Soil and critters aside, I've found sufficient varieties of plants for our yard that thrive and are gorgeous each spring/summer. English lavender, Russian sage, lilies of the valley, shasta daisies, black-eyed Susans, echinachea, day lilies, hollyhocks and coreopsis all flourish. I've got butterfly bushes, a peony and some forsythia bushes that were all hand-me-downs and survived being dug out, moved and replanted (in the peony's case, several times over one year!) to settle in quite happily around the yard. Some of my favorite bushes are the lilacs that border the front porch and have grown well beyond their expected "dwarf" variety labels. In the food garden, I've had some hits and misses. Beans and sugar snap peas are traditionally hits, whereas carrots (chosen by the kiddo last year) were a pathetic miss. They came out looking like the gnarly, arthritic survivors of a nuclear blast, though they tasted quite carroty. Cucumbers and tomatoes have been great some years (Hubby said that last year's crop were the best tomatoes he'd ever eaten and he mourned the end of the season) and other years, they've been deplorable. I've never had success with any type of melon or squash - though I've yet to try zucchini which always grows, doesn't it? - because the critters seem to get to the blossoms before they've had a chance to turn into fruit. We did have one watermelon (another of the kiddo's selections) last year that survived to full ripening, but it never grew bigger than the size of a golf ball. Herbs do spectacularly. I have parsley and basil coming out my ears by mid-summer, and I've had to quit growing cilantro altogether because we just don't use that much of it! I have some hand-me-down chives that came back all of their own accord and in much abundance despite rototilling the garden before planting it last year. The berry patch did much better last year after I covered it with critter-proof netting, and the kiddo and I actually picked about a quart of blueberries off our three bushes. The strawberries never grow that large, but they've been getting a bit bigger every year so perhaps this will be the summer when we have a decent strawberry crop. Our yard as a whole - planting beds and lawn - would look a lot better if we were less organic about things, but I'm not a fan of chemicals (so ChemLawn and your competitors, kindly stop leaving your "lawn evaluation" junk mail wedged into the flag of our mailbox and jammed into our front door), so we do the best we can with natural fertilizers and weed/pest repellents. (Love the Escar-GO! slug stuff, which is much preferred than the "cup of beer" method I did in my hosta bed one year, when Hubby found a cup lost among the hostas that had become a nasty, smelly, thick goo of sun-warmed beer, liquified slugs and rainwater. He almost barfed while disposing of it. Oops.) I will confess to putting the occasional box of poison waaaaay under the deck for the voles (not that it even begins to control their ever-burgeoning population) and to having the exterminator spray for our insidious, pervasive yellowjacket population, but other than that, we're pretty green about our greenery.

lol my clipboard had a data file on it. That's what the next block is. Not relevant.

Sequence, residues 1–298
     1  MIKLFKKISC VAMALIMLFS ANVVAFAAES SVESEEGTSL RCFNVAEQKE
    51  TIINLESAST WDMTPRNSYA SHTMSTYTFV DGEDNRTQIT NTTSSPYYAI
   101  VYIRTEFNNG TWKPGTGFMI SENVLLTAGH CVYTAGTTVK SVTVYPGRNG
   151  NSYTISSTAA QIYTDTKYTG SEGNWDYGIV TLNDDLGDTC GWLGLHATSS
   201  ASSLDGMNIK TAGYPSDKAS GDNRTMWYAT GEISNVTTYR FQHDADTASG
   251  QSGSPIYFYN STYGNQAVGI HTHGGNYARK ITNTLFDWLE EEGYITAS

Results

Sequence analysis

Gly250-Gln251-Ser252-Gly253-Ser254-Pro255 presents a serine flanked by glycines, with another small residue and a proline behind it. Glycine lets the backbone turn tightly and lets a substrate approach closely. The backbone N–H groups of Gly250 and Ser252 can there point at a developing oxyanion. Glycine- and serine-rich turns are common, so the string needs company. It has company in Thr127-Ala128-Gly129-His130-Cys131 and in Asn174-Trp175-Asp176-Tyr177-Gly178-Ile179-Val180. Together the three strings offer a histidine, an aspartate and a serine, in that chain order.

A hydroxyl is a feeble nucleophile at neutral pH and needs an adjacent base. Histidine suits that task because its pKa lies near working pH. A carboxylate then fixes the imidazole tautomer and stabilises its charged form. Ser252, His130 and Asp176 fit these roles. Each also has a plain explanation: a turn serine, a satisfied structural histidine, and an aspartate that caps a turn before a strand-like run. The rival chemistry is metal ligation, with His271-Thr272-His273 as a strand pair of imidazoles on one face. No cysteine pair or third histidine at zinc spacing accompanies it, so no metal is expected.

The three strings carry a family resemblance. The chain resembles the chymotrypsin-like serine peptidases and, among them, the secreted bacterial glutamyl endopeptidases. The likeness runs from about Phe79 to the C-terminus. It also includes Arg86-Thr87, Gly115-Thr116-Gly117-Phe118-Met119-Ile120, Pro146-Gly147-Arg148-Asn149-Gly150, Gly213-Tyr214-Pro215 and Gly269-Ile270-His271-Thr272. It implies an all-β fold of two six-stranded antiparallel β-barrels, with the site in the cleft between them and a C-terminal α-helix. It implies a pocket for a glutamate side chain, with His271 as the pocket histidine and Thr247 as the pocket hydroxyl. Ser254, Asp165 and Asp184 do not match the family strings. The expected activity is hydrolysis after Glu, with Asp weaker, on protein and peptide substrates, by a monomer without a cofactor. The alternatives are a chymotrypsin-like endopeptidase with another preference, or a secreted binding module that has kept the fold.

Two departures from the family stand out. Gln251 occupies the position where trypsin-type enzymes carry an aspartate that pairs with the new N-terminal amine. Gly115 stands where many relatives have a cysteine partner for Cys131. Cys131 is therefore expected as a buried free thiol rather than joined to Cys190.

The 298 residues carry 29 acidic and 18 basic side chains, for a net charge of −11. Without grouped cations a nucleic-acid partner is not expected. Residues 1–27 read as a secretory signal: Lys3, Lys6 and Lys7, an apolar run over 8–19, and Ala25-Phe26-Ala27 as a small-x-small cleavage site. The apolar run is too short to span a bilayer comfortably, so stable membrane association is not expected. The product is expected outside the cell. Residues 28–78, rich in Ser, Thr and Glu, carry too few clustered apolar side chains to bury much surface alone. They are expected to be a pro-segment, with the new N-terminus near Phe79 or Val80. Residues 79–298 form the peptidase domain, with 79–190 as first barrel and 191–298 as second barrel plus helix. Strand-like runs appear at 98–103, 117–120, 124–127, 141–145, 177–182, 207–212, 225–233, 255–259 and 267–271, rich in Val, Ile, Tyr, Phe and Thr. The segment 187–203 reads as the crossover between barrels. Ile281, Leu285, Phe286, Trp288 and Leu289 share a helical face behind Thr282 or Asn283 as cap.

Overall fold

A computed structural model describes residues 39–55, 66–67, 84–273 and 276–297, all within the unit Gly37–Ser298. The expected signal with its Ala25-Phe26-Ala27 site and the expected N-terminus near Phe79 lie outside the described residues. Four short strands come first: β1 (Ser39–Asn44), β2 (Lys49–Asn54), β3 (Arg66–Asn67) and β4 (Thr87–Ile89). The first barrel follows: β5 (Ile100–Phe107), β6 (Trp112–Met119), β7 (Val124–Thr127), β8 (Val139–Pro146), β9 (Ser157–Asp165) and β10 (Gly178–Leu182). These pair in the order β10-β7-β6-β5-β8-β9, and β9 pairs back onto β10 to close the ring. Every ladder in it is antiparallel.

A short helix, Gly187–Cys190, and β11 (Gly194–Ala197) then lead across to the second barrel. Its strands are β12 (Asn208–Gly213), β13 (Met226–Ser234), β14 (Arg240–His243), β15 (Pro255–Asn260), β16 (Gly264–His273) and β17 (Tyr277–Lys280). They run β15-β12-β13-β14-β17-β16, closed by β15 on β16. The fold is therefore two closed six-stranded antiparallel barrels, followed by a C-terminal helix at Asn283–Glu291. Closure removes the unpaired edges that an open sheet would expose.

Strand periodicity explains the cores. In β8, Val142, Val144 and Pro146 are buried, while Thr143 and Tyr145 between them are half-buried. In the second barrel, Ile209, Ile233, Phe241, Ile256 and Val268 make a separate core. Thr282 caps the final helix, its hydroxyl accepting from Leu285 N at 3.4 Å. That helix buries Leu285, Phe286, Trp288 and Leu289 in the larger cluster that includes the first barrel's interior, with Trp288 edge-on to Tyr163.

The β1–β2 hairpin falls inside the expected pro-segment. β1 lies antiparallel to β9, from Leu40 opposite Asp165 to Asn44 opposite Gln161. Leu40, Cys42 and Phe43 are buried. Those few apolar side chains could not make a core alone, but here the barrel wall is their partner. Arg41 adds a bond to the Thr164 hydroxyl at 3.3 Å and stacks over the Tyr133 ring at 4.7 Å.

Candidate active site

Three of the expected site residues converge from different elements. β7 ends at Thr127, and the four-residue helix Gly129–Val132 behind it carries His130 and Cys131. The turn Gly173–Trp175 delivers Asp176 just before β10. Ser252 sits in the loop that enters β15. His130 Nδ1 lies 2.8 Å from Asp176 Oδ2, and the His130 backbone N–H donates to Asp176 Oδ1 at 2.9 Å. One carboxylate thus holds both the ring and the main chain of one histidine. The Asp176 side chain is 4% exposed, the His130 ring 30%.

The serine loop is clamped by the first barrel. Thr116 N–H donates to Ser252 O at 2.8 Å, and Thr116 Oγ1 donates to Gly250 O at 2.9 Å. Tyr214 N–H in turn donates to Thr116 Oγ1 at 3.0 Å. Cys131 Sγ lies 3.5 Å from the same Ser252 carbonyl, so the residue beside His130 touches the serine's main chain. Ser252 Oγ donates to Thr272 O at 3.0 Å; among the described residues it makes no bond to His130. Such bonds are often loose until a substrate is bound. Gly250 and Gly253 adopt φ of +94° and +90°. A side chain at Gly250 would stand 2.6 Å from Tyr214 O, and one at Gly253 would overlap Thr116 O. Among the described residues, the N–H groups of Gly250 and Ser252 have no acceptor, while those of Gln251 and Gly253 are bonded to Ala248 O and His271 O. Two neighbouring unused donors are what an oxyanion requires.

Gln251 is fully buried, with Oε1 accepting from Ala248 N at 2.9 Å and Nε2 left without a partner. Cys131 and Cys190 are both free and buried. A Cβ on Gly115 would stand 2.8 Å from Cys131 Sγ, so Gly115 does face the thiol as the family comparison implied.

Each year, I look forward to strolling the aisles of the local garden stores and the public market and picking out the new plants for the year. Every year, our planting beds expand a little bit more, giving me more room for new plants. The kiddo has become an avid gardener as well, and even helps with the weeding when she isn't busy playing with the worms she's unearthed or the watering can. I love that she loves to wander the garden store aisles with me and pick things out, that she enjoys poring over seed packets as much as I do. I've been perusing gardening catalogs for weeks now, and I think that one new plant I definitely want to try is the "sunrise" echinacea which is a gorgeous, creamy yellow color. I'd love to live somewhere where it is warm enough for a citrus tree or two - oh, to have a lemon tree or orange tree in my own yard! But I guess it will take either winning the lottery (and thereby giving us enough dough to buy our own tropical vacation island) or major global warming to grant me that wish...

For now, I will have to content myself with watching the yard green up again, the bulbs poking up their shoots through the mulch, and the pear trees behind our house start to bud.